Making ties the hard way: Basswood

These are the tools and material I use to make 3/4 depth N scale ties.  Clockwise: cutting board, 1/32" basswood sheet, adjustable strip cutter and chopping tool.

These are the tools and material I use to make 3/4 depth N scale ties. Clockwise from top: cutting board, 1/32″ basswood sheet, adjustable strip cutter and chopping tool.

Any handlaid track system that uses PC board ties in critical areas also requires suitable filler ties.  Lacking an affordable and reliable source of 3/64″ PC Board ties turned me towards homemade 1/32″ PC Board ties. These are essentially 3/4 the depth of the real thing which is neither here nor there in my application as you rarely get to see the tie bottoms. And while you can build PC board track remotely, leaving the copper clad ties dangling from the rails and shimming the bottoms, I think it makes some sense to use filler ties of a similar depth that can then be secured with a reasonable amount of glue without having to resort to any shimming..

Enter sheet basswood. For the cost of a balsa stripper, a chopping tool and a sheet of material you can actually make your own filler ties with very minimal wastage. A couple of years ago I figured I could make 1000 ties for a Canadian dollar plus my time and wear and tear on my tools. The cost (to me) of a .04″X4″X24″ sheet of Midwest Co. basswood has risen slightly since that time but I still get over 900 ties for a buck. Compare this with over $20 per 1000 at my very well stocked local hobby shop. Such savings can not be discounted among those modellers on the lower end of the income scale.

In case anyone is wondering, the reason I went with the 1/32″ stock when 1/16″ is even more readily available is that doing so  a produces a rectangular tie with a very pronounced top/bottom and sides. Not only is 1/16″ sheet more inconsistent and harder to cut, the resulting ties are virtually square (.061″X.056″) with one side very easily confused for the other during the track laying hour. As these things go, it is of course only after a neat layer of ballast and contrasting tie stain that one realises the difference. By then the effect of a decently kept western mainline has already slipped and we’re back to where we started off with ties a touch too wide.

Anyways, enough shilling for Midwest – here’s my wood tie regiment:

 

The strip cutter is used to cut half way through both sides of the basswood board.

The strip cutter is used to cut half way through both sides of the basswood board. I set up the cutter to cut a little undersize. Inevitably over the course of a tie making session, cutting from both sides creates a parallelogram when the ties are viewed on end.  By starting small the ties don’t “grow” in width once they are seated, sanded and stained.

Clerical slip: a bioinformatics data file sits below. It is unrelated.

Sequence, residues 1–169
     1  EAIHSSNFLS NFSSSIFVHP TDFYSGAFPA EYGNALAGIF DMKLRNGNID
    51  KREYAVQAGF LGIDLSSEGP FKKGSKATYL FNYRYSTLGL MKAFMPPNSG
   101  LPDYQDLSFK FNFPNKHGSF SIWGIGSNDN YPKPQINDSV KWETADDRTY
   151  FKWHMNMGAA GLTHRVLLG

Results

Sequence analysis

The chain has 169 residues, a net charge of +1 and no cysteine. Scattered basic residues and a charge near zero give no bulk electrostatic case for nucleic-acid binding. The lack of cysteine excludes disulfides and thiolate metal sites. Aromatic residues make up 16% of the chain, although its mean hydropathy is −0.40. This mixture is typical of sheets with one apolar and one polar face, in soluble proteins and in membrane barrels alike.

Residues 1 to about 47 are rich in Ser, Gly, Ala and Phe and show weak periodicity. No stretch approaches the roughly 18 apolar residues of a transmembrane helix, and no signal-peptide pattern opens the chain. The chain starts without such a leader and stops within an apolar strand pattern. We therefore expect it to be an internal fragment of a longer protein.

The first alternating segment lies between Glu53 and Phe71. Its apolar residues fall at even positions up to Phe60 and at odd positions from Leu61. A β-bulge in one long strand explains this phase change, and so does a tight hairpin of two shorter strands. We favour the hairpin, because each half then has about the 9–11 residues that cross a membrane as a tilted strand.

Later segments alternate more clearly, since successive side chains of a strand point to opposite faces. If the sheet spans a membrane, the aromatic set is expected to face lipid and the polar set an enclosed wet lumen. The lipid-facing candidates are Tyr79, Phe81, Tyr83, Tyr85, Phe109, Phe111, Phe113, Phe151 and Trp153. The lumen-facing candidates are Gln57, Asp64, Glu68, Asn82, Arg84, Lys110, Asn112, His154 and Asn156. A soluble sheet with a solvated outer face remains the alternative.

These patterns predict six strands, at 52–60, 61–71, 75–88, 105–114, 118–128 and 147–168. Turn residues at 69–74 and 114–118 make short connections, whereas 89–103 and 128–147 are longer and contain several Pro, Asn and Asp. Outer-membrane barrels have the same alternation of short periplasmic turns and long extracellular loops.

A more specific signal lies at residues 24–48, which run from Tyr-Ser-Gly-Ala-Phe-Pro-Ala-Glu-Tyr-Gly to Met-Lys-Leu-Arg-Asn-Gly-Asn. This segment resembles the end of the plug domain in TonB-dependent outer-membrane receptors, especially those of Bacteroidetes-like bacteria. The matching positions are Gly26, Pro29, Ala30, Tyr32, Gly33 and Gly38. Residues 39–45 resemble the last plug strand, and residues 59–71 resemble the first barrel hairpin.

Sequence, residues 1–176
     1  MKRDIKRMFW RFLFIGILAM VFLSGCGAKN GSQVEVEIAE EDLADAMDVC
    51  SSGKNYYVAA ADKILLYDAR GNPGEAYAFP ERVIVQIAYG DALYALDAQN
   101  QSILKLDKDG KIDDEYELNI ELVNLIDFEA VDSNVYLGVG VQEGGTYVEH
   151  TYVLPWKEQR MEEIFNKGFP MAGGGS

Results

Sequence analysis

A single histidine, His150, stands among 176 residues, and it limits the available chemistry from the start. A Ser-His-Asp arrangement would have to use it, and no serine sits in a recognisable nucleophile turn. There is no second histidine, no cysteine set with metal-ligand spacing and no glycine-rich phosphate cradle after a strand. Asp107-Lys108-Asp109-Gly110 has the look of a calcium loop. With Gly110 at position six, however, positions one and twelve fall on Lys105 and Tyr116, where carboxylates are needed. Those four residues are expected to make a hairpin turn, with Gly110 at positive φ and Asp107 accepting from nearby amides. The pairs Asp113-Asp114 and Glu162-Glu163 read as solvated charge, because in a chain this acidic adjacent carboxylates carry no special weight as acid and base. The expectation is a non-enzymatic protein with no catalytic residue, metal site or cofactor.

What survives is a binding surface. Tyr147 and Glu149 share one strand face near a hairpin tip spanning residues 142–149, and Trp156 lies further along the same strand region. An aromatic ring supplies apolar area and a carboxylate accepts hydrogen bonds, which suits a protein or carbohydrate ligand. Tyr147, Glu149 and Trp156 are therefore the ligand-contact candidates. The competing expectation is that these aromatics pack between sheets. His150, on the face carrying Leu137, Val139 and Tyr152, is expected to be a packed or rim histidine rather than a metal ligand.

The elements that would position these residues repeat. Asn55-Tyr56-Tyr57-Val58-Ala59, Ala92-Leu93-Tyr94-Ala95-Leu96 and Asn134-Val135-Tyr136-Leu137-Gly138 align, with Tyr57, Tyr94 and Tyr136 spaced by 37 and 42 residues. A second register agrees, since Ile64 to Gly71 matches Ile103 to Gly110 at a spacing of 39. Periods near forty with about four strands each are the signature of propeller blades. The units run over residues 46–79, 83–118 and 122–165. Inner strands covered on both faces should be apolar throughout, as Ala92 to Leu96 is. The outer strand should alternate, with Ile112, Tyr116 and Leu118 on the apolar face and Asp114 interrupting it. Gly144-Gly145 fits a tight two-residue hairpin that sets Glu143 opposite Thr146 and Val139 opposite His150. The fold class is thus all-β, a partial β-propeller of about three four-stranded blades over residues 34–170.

Once the strip is cut both sides it is parted with the stroke of a hobby knife.

Once the strip is cut both sides it is parted with the stroke of a hobby knife. If the edge of the sheet gets ratty for any reason I sand it very lightly with my 30″ aluminum tie sander.

 

The ties are then cut to .638" (8'6") three at a time in a chopping tool. The piece of brass is a hard stop. The various pieces of masking tape had been used as a soft stop to prevent angled tie ends but over time the tape moved leading to ties of the wrong length and the setup was changed back to a hard stop.

The ties are then cut to .638″ (8’6″) three at a time in a chopping tool. The piece of brass is a hard stop. The various pieces of masking tape had been used as a soft stop to prevent angled tie ends but over time the tape moved leading to ties of the wrong length and the setup was changed back to a hard stop.

Several hours later you’ll have a couple of thousand ties. Time flies when you’re having fun… or something like that. Just think of the forty bucks you saved!

AH

2 thoughts on “Making ties the hard way: Basswood

  1. I immediately recognized that Midwest balsa stripper. I use the same tool for cutting ties. I’ll confess that I’ve usually used balsa for ties since I still have a pile of it here from my days of working in the hobby shop. It’s interesting to read about how well it works on basswood. I have used it to score styrene sheet where I needed a narrow strip (albeit with varying success and not enough to encourage others to try).

    Great post. Thanks!

    • Hi Chris,
      This method really does work better with Balsa but I use comparatively few PC board ties and figure the little extra compressive resistance Basswood has over Balsa is worth my troubles. Some dimensional variance occurs and so to see off potential problems when I’m trying to get the ties in and out of my tie jig I check the strips as they are cut and work only with those strips that are .054″ – .058″ in width. This results in some unusable strips but I’m gradually getting better at the job. Several tie making sessions ago I screwed up the offset on the balsa stripper and ended up with a bunch of .060″-.062″ strips that wouldn’t work on the mainline (failed to check dim. in between cuts) but a couple of days ago I used them up making wooden road crossings for a cement plant module I’m doing up. Today’s garbage is tomorrow’s model sort of thing… suits me well.

      Andrew

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